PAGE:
In a bid to make Australia’s Queensland the regional leader in drone tech, the government has revealed that it is backing an array of initiatives.
Queensland government is designing areas for testing the land-base and marine capabilities of drones.
The strategy aims to make Queensland “best positioned to make the most of drone technology and application, and has the agility to address new opportunities and challenges as they emerge,” according to Queensland Drone Strategy Consultation Paper.
Remotely Piloted Aircraft Systems
“Broader innovations in technology will also likely drive drone development. Existing platforms are the convergence of a range of technologies such as hydrodynamics, structural mechanics, robotics, signal and information processing, systems engineering, electrical components and sensor systems,” continued the paper.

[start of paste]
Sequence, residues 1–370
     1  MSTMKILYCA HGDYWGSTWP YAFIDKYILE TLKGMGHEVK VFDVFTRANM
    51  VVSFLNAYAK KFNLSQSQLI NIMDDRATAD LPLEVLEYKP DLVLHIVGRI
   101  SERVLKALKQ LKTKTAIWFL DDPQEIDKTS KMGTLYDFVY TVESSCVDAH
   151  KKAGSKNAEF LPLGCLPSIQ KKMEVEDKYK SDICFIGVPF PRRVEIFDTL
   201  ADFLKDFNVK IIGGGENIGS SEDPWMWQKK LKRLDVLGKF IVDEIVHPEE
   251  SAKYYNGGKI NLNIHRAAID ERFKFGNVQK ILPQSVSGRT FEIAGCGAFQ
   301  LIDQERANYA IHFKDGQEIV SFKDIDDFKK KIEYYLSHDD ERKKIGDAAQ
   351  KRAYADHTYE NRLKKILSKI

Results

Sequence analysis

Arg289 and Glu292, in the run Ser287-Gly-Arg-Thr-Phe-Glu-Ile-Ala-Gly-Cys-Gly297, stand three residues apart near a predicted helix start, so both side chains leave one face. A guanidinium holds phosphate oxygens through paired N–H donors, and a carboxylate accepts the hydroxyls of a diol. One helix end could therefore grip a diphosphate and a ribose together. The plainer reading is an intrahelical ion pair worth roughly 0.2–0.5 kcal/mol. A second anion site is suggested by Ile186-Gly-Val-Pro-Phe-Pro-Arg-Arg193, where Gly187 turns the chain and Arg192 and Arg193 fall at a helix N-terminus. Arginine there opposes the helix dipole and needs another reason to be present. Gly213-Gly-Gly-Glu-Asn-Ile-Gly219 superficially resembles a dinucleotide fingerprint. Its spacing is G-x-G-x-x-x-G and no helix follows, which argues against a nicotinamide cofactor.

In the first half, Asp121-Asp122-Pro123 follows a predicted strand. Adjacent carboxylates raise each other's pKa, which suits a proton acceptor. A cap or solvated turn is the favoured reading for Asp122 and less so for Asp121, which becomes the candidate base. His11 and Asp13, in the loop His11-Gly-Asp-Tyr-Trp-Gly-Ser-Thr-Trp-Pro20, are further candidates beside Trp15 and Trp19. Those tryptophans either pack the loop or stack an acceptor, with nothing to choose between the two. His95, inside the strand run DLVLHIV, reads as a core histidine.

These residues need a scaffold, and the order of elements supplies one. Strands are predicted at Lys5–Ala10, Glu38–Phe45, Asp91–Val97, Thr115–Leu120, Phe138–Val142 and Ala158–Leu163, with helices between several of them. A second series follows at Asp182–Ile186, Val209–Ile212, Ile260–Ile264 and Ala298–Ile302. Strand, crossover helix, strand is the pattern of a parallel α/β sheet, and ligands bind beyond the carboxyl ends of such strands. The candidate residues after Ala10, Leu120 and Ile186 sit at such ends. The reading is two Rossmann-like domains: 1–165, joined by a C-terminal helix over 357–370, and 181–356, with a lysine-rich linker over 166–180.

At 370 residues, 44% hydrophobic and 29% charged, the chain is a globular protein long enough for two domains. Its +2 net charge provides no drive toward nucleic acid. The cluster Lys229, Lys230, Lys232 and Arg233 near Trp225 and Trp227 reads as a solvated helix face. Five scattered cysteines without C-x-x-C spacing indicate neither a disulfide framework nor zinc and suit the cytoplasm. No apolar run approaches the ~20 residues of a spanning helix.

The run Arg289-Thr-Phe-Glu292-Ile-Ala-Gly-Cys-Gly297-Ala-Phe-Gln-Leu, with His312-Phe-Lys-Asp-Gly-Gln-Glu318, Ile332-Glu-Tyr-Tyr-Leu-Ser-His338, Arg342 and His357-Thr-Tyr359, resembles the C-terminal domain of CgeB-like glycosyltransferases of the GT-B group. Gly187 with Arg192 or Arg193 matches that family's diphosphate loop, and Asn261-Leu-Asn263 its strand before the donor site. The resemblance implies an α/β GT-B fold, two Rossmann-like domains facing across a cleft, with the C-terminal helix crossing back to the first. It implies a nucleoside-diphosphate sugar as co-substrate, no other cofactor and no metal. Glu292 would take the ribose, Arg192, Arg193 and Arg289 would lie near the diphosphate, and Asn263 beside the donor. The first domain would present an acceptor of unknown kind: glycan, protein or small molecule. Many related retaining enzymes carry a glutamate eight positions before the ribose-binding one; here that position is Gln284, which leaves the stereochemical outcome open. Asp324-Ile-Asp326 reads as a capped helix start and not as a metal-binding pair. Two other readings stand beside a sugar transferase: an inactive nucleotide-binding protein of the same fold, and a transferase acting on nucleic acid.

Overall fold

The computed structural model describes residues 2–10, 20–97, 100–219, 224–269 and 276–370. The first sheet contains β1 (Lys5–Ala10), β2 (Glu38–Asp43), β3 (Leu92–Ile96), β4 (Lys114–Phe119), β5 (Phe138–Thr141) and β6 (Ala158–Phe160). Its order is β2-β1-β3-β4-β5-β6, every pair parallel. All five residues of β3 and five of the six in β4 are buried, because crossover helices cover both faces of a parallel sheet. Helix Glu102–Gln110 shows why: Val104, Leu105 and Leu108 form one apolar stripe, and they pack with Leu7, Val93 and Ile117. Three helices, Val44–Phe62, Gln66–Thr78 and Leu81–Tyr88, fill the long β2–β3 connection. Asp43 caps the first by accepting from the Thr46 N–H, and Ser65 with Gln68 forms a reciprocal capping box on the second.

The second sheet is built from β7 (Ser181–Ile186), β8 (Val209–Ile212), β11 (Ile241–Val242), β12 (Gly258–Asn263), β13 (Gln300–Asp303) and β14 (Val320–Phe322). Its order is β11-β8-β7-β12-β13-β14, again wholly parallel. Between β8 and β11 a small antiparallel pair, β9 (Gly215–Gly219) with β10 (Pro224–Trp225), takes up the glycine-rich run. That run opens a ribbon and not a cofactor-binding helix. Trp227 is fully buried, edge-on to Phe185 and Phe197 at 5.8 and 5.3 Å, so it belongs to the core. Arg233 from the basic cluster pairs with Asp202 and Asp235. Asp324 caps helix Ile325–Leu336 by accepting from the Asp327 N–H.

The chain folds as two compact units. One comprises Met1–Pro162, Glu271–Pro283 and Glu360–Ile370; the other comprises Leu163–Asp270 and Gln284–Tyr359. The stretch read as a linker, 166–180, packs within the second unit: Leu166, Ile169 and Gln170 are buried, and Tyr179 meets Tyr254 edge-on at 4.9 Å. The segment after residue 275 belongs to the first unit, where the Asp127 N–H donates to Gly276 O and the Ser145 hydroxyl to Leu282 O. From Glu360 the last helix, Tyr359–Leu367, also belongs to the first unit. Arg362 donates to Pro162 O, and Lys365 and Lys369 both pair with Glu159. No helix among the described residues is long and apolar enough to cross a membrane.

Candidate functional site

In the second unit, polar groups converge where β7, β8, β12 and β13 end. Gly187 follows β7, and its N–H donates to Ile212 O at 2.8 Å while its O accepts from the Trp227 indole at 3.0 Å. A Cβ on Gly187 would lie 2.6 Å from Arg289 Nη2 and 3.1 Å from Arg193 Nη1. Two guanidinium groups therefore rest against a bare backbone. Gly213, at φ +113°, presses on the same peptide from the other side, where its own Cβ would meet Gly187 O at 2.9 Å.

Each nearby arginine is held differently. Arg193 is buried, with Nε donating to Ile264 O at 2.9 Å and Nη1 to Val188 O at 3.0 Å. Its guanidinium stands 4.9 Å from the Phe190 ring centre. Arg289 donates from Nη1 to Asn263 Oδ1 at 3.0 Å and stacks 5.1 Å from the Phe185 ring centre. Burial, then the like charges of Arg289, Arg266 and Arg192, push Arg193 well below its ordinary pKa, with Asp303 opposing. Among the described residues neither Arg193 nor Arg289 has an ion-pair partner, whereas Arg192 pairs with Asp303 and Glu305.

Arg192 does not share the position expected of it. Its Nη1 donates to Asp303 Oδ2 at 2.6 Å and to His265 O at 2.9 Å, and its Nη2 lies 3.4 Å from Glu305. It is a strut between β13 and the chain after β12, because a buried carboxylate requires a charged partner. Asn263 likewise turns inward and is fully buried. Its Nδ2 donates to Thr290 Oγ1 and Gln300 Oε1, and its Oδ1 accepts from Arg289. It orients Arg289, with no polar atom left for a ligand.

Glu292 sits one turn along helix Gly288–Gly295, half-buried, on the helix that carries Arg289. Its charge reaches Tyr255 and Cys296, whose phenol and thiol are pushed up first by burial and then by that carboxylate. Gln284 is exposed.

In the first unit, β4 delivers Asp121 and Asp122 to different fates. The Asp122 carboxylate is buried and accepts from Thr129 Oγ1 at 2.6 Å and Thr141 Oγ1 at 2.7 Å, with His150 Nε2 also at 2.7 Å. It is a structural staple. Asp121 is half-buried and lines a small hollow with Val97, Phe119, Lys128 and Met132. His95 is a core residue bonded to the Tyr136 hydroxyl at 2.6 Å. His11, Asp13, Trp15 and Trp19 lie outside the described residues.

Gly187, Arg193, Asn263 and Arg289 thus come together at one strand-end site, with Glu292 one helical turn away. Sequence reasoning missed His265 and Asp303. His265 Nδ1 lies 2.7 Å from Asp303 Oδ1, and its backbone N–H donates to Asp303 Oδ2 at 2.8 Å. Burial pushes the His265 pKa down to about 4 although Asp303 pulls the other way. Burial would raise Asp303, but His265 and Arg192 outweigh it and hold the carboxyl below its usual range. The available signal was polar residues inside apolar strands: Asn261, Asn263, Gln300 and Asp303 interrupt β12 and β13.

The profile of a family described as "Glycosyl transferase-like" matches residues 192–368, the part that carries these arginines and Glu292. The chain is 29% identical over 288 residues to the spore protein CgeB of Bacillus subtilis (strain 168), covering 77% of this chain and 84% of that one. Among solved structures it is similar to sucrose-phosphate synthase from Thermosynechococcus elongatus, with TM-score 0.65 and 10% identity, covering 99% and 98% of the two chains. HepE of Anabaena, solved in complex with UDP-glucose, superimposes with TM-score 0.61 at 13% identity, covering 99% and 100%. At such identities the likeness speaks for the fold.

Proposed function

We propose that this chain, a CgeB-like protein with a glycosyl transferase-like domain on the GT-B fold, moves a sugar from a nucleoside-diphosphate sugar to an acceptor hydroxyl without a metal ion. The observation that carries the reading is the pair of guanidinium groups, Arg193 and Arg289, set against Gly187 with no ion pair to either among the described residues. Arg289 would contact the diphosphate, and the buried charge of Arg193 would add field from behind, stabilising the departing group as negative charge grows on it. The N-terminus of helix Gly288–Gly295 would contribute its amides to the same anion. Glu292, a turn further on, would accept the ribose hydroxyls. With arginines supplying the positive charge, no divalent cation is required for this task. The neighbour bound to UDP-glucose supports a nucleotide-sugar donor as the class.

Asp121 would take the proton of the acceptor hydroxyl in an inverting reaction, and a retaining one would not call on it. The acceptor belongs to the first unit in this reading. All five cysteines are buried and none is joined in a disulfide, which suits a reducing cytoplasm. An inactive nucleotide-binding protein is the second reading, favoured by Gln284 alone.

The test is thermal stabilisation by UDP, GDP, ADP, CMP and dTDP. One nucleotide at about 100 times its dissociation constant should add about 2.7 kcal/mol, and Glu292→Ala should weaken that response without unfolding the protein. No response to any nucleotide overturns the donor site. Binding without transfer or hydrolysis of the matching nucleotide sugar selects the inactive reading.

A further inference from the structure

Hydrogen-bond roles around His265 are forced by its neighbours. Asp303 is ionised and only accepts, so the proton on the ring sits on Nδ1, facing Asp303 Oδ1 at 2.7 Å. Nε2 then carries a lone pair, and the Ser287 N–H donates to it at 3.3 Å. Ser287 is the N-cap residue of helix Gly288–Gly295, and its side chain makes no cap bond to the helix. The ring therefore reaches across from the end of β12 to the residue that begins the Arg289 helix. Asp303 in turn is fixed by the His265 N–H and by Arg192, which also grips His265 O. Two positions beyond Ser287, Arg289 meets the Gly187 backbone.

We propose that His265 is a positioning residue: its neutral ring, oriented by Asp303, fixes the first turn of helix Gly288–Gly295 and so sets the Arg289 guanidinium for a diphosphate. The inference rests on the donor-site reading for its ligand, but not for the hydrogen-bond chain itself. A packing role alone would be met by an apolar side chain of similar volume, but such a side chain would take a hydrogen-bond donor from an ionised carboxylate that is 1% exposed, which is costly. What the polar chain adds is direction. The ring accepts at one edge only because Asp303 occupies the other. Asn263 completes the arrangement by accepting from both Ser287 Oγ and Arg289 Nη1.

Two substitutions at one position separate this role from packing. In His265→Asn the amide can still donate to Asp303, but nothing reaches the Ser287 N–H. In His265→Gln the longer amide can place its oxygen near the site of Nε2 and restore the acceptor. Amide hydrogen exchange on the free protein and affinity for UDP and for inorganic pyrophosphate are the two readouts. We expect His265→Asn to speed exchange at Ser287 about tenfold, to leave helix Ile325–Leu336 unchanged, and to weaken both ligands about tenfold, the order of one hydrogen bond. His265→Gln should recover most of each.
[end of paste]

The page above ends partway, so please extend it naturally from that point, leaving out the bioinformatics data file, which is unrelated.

“Further developments in these areas, plus the continued emergence of new technologies, have the potential to lead to new drone capabilities.”
The state government has put US$1million towards its Remotely Piloted Aircraft Systems (RPAS) research project.
Autonomous and robotic technology
Future initiatives include incorporating drones into the Department of Education’s STEM programmes, putting funds towards the World of Drones Congress in Brisbane in 2018 and 2019 and developing “Queensland Aerospace and Defence Industry 10‑year Roadmaps and Action Plans”.
To help develop standards for the assessment and certification of autonomous and robotic technology, the government has also said it will put US$3million towards an independent body to help towards its initiatives.
The government’s first review of its drone strategy will be carried out next year.
Written by Leah Alger